|1. Full Mainsail|
|2. First Reef|
|3. Second Reef|
|4. Sail in Cover|
Today I put up the mainsail. It was still raining this morning but I kept my cool and spent time working on the navigation software on two of the computers. Then at noon I set off for the market to buy fruit and vegetables and 4 port chops. After a light lunch and a short nap the weather had cleared up enough to start the work. There was a 10 knot breeze off the port bow which would have the effect of driving the boat into the jetty which I deemed to be safe.
The task was to fix the battens, and it would be a mistake to consider this a trivial task because a sloppy job can result in the loss of a batten and a torn sail. There are 5 battens. To fit each batten I would hoist the sail until its pocket was just above the boom. I slid the batten into the pocket from the back of the sail then between the sides of the plastic holder which sandwiched the batten at the front of the sail. Then I lined up the hole at the front of the batten with the holes of the holder and passed a special bolt through it and secured it. I also made sure that the screws holding the two sides of the holder were nice and tight. Then I went to the back of the sail and shoved in a Velcro strap into the pocket to hold the batten in, using a tool made of batten material that I was given for the job. So the batten was now held in place by a bolt in the front and the Velcro strap at the back. The rain and wind behaved just enough to allow me to finish the work without any dramas, though I got a scare from a near miss from a rain squall.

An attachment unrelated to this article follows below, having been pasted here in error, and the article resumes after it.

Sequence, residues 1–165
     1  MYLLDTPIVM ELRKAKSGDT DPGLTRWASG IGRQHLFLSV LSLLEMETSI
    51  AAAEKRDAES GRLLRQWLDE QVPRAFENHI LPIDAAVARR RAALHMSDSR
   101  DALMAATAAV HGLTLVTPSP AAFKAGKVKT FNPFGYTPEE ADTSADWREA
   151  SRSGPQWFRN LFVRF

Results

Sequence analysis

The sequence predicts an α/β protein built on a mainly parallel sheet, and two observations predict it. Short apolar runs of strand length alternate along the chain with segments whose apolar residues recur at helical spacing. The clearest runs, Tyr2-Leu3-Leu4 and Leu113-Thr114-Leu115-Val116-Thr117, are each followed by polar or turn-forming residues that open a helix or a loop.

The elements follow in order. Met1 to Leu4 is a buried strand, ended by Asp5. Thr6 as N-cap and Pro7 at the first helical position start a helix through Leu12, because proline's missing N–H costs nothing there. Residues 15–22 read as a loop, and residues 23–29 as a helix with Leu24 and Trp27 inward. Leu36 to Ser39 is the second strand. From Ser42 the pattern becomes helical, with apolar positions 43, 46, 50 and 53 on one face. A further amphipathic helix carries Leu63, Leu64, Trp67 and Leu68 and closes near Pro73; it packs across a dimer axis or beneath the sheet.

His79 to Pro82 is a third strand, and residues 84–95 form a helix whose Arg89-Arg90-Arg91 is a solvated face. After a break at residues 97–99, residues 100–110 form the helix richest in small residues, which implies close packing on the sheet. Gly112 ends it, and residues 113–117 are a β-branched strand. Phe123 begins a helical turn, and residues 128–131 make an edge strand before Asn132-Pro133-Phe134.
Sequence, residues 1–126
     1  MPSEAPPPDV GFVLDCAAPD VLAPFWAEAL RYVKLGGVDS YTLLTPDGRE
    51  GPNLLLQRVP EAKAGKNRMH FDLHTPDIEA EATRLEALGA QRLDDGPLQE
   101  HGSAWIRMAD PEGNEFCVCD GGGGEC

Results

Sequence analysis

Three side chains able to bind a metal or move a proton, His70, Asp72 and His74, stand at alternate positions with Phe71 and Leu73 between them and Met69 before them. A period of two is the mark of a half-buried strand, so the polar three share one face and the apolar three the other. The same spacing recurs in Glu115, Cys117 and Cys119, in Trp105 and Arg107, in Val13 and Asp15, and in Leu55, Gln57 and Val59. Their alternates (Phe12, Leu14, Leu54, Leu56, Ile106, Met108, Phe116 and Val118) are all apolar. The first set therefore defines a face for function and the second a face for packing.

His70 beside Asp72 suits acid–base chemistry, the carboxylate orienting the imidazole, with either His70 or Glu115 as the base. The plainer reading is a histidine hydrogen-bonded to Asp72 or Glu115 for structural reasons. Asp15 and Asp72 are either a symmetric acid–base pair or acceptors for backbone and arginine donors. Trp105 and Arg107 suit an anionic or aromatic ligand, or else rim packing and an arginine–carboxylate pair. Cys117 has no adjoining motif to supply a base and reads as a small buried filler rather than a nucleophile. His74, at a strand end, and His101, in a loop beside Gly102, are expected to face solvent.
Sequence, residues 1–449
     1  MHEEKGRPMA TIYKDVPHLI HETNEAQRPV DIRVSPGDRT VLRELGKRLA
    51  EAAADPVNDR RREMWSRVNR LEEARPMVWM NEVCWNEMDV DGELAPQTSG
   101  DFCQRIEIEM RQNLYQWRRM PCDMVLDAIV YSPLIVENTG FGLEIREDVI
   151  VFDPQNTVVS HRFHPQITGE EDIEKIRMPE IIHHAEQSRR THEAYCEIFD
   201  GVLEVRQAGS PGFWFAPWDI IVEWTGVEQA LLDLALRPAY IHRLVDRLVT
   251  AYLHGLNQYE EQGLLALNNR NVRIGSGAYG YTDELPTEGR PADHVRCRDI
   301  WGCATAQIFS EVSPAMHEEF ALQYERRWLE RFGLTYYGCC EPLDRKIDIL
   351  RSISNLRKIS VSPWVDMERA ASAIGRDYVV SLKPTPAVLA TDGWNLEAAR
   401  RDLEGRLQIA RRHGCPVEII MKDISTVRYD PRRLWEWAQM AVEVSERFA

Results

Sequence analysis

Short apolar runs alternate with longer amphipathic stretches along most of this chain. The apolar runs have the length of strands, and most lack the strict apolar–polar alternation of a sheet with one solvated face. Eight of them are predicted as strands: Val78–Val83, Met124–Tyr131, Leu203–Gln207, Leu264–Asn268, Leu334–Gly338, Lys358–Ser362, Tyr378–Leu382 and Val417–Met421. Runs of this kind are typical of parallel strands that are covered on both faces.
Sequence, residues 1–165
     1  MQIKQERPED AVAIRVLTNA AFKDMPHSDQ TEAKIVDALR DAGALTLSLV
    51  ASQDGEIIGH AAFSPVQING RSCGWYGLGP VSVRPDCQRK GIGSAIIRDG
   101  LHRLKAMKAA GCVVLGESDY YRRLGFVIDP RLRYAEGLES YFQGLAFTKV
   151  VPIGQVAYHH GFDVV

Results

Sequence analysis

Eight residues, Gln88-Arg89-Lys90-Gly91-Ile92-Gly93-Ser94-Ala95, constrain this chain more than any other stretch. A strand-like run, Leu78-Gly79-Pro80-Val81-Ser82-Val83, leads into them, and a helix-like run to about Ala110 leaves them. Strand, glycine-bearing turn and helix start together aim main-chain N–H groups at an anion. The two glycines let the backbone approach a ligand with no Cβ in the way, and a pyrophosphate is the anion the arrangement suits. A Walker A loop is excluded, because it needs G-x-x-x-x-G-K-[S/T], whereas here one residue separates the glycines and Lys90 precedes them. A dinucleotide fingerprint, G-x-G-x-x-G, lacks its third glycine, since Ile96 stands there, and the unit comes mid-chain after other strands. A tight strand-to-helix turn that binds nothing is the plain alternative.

I then fully hoisted the sail, photographed it, and tightened the lazy jacks for the drop. I also fitted the Velcro strap that holds the clew of the sail to the boom. The sail is “loose footed”, with the foot held down to the boom only at the two ends. I then lowered the sail to the first reefing point and fitted the downhaul line at the forward reefing point and the reefing line at aft reefing point. After photographing the sail I repeated the process for the second reef. It will take close scrutiny of the accompanying photographs to see the differences in sail area between the full and first reefed mainsail. The second reef is easier to identify, but it still leaves a bit too much sail area for my liking, as I've grumbled about for years.
Then I had the great pleasure of zipping the mainsail into its cover, to which Pato had added a hefty 6 inches or so of extra material on each side of the zipper. For the first time in the 7 years that I've had the sail cover and after two inadequate alterations by the manufacturer to correct the problem I was able to zip it up with ease the way it should have been from the beginning.
At this point Pachuca's rigging and sails are ready for sea. It's taken 3 ½ months but it's been well worth the wait, though it hasn't been a painful wait, given all of the touring that Brenda and I did, and not to mention the pleasant life at this marina.